We consider that patterns of colony use by breeding Pelagic Cormorants in WQCS between 1975 and 2014 are most consistent with a major population decline and do not merely represent interannual variation. To establish full confidence in assessing population changes, it is desirable to collect data annually at all colonies or at least have more than 1 y of data to establish population levels in each decade, because numbers of cormorant nests can be highly variable across years (Carter and others 1984, 2007; Rodway and others 2011). However, the remote nature of the WQCS region and few funds available for seabird population monitoring have prevented gathering more than 1 y of data in each decade at most of these colonies. Although the single year of surveys in 2014 may not have detected peak breeding numbers in WQCS (either within that year or in relation to recent years), we did not note any empty abandoned nests from 2014 or persistent nests from previous years, suggesting that we did not miss peak nesting numbers due to earlier timing of breeding or low breeding in 2014. Local shifts of breeding birds between known colonies within the WQCS, that appeared to occur between 1975-1976 and 1982-1988 surveys, did not appear to occur between 1982-1988 and 2014 surveys. However, the single nest at the new breeding location at Pine Island may have reflected a local shift of a few birds associated with the nearby Tree Islets colony that was active in 1975-1978, although this nest was difficult to detect in 2014 and breeding at this location may have been missed during past surveys.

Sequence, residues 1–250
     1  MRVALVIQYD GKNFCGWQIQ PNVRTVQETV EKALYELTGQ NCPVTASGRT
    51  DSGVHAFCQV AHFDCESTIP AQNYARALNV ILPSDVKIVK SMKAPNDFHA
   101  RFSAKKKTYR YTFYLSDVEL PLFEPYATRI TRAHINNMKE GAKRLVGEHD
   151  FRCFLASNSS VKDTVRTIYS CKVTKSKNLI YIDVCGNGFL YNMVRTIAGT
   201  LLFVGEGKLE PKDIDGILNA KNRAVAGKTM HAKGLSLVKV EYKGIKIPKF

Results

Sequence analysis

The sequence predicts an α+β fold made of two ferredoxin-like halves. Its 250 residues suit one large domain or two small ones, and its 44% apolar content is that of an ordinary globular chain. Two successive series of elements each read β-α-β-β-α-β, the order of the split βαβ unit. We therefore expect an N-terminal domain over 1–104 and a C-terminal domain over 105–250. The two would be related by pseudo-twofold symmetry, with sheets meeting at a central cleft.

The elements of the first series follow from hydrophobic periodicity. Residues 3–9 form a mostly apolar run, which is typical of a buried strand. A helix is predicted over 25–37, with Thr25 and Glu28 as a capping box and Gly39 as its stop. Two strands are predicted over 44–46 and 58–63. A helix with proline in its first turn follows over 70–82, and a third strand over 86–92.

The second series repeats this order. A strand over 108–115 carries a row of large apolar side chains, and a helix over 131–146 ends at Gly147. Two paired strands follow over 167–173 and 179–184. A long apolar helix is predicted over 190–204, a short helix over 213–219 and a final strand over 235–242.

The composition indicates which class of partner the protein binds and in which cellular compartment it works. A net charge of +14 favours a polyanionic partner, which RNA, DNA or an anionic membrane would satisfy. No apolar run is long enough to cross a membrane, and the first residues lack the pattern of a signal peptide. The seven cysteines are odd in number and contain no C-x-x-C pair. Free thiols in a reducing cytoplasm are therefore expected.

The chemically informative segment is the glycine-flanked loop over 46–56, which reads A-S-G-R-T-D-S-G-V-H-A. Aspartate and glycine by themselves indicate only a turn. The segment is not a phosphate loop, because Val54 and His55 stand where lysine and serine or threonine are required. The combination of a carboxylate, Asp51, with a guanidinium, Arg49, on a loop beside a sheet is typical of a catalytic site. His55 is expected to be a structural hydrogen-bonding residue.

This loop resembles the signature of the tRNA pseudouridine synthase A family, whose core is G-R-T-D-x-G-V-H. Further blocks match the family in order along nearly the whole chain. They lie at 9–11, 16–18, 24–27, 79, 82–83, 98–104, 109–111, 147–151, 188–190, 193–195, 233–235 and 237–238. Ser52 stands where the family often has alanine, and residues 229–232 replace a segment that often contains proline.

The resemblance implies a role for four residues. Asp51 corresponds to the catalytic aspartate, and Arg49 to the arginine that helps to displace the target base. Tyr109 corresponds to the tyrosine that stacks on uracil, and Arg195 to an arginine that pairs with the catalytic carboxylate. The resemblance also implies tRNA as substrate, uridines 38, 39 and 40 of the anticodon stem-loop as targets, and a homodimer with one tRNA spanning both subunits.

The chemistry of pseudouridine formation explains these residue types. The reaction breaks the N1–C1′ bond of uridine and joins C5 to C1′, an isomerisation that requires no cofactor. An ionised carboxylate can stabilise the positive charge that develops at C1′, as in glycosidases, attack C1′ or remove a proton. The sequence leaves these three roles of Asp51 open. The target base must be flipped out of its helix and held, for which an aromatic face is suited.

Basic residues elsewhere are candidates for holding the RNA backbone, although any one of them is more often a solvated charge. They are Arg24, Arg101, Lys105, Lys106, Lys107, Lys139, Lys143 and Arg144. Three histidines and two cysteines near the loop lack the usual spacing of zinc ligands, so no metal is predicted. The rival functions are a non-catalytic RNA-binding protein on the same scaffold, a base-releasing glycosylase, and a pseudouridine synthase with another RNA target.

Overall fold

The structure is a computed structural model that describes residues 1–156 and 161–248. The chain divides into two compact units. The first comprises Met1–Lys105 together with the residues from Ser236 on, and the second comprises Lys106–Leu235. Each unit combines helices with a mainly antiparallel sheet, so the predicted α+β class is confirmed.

Reasons for Decline

While evidence for decline of breeding Pelagic Cormorants in WQCS since 1975 is reasonably compelling, mechanisms causing this decline are less well understood. We suspect that Bald Eagle disturbance and predation may be the main reason for this decline, based on indirect evidence including: (1) restricted use of protected nesting habitats in rock clefts-caves at Dugout Rocks and Pine Island by cormorants in 2014--previous larger numbers of active nests were not restricted to limited rock cleft-cave habitats, suggesting reduced predation by Bald Eagles in the past--the remnant population in Barkley Sound in 2006-2007 also was found in similar nesting habitats that provided some protection from avian predators (Carter and others 2007); (2) widespread presence of eagles at Bremner Islets, Naiad Islets, Reid Islets, and Storm Islands in 2014, and presence, nesting, and predation of seabirds (although not cormorants) by eagles at these and other nearby WQCS islands in 1975-1976 and 1982-1988 (Rodway and Lemon 1991a,b); and (3) apparent decline in Glaucous-winged Gulls, which are commonly preyed upon by eagles, at the same islands between 1982-1988 and 2014, although populations of other marine bird species not heavily preyed upon by eagles (such as Black Oystercatchers and Pigeon Guillemots) did not change to a great extent. Most eagle impacts on nesting cormorants likely occurred during the period of greatest decline in the 1970s and 1980s, but direct observations of eagle impacts were not reported during surveys in 1975-1976 and 1982-1988 (Summers and Campbell 1978; Rodway and Lemon 1991a,b). In such a remote area as WQCS, a lack of direct observations is not surprising, given small colonies that may be targeted by eagles over short periods of time and surveys that were conducted over only a few days (often relatively late in the breeding season) each decade.